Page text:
[i] Jowett SL, Seal CJ, Pearce MS et al. Influence of dietary factors on the clinical course of ulcerative colitis: a prospective cohort study. Gut 2004; 53: 1479–84.

  • This website features topics from the book, Digestive Disorders by Stephen Gislason MD Print and eBook versions are available. 178 Pages. The book discusses food-related digestive tracts diseases and common disorders such as food allergy, inflammatory bowel disease, irritable bowel syndrome, chronic diarrhea, liver diseases, foodborne infection and motility disorders. Nutritional concerns with digestive disease are discussed and case histories illustrate problems and their solution. The solution is found in the Alpha Nutrition Program, a standard method of diet revision. There are many conditions that improve with diet revision. Elemental nutrient formulas are recommended for serious digestive disease.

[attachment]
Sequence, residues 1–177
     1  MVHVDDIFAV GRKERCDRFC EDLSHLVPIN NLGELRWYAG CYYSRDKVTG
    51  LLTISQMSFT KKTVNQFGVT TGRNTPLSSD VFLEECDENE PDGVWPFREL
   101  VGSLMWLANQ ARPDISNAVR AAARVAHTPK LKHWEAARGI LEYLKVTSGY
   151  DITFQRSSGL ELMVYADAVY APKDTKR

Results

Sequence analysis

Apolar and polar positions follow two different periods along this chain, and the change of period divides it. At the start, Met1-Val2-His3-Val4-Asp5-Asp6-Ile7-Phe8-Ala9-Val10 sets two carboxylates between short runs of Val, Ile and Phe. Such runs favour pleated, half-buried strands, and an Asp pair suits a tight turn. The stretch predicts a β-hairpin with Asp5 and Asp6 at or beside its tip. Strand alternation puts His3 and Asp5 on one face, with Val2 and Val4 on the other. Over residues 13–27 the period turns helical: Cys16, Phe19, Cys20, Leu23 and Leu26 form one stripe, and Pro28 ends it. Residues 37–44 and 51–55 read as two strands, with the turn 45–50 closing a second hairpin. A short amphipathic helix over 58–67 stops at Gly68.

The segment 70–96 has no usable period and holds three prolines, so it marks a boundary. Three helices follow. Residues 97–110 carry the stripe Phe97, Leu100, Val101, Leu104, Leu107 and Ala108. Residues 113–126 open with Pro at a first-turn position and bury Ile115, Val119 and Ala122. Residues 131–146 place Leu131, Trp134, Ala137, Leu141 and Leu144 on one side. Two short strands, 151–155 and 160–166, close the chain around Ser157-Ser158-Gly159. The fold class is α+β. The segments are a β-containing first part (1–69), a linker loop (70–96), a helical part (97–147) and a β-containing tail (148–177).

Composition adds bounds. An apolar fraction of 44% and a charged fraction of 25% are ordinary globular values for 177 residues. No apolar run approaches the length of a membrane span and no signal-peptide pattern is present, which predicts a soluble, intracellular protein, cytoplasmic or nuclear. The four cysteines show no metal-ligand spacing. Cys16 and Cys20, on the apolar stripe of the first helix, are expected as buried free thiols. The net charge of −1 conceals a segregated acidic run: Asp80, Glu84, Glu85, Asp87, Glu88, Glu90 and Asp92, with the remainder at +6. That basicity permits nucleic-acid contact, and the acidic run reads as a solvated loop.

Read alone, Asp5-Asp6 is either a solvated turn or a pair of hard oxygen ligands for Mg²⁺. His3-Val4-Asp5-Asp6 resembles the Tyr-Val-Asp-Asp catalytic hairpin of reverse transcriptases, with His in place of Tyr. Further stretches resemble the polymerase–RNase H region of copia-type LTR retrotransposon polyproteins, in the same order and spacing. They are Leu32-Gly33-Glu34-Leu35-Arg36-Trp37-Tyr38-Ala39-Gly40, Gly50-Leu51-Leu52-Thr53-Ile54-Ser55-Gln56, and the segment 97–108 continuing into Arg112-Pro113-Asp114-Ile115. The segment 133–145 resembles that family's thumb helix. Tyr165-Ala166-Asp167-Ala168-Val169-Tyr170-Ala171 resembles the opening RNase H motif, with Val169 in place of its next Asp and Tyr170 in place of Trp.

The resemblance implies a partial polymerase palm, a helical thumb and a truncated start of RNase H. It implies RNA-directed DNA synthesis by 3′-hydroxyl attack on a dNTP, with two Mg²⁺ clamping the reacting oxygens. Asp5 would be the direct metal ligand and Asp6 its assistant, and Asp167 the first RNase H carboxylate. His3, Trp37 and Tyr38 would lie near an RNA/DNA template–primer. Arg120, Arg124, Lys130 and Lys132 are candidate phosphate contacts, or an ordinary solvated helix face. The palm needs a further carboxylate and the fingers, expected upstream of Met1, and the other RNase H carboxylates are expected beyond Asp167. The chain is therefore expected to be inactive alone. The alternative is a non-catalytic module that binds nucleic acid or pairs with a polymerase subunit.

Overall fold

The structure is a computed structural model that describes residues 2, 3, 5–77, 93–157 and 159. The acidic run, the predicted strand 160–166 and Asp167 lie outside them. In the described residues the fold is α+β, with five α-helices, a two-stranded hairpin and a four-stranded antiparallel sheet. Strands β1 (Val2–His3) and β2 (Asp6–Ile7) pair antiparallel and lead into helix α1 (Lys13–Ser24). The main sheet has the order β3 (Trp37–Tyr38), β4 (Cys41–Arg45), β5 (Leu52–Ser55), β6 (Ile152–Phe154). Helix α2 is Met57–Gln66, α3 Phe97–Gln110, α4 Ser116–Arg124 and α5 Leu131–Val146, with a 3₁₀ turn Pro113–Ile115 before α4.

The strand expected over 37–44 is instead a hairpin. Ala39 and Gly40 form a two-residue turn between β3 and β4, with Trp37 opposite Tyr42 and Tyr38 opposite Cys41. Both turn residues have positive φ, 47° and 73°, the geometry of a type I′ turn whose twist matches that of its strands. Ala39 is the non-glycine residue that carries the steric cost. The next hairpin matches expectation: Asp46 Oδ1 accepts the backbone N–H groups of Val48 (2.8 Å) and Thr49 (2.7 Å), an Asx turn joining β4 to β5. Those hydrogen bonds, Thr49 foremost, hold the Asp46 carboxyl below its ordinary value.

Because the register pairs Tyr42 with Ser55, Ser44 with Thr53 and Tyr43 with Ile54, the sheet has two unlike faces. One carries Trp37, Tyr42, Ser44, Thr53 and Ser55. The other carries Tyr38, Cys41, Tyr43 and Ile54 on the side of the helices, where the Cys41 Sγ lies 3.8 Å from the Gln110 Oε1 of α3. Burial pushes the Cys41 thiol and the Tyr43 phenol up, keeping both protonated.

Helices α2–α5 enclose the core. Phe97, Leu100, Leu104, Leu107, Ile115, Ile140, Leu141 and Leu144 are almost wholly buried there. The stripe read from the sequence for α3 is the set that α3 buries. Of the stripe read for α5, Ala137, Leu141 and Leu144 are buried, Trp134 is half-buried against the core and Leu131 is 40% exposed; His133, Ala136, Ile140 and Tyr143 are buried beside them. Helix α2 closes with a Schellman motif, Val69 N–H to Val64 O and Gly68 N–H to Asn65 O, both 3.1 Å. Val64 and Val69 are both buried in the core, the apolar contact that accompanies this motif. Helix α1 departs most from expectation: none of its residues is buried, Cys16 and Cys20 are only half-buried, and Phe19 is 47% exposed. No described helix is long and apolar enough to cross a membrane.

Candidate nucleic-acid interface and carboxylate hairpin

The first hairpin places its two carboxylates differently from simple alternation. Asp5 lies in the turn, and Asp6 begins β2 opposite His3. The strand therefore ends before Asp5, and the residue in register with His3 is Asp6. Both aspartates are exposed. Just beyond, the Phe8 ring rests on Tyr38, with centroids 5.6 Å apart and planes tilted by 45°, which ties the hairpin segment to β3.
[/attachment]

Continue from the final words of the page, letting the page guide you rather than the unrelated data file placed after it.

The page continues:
• The latest edition is available as an eBook for download. Download eBook

    Nutrient Formulas and Printed books are shipped from Alpha Online to all destinations in Canada and USA. Prices are listed in Canadian dollars.

  • Digestive Disorders Rescue Help in understanding and managing the most common digestive tract disorders: Crohn's Disease, Ulcerative Colitis, Irritable Bowel Syndrome, Functional Dyspepsia, GERD, constipation, diarrhea and abdominal pain. The starter pack includes one 500 gram jar of Alpha ENF, the Alpha Nutrition Program, and the book Food & Digestive Disorders.

  • Three steps to solving a digestive problem
  • 1 You stop ingesting the problem foods and beverages.
  • 2 You eat safe foods and pure nutrients until you clear symptoms.
  • 3 Reintroduce more of the best, nourishing, low-risk foods
  • Order Digestive Disorders Rescue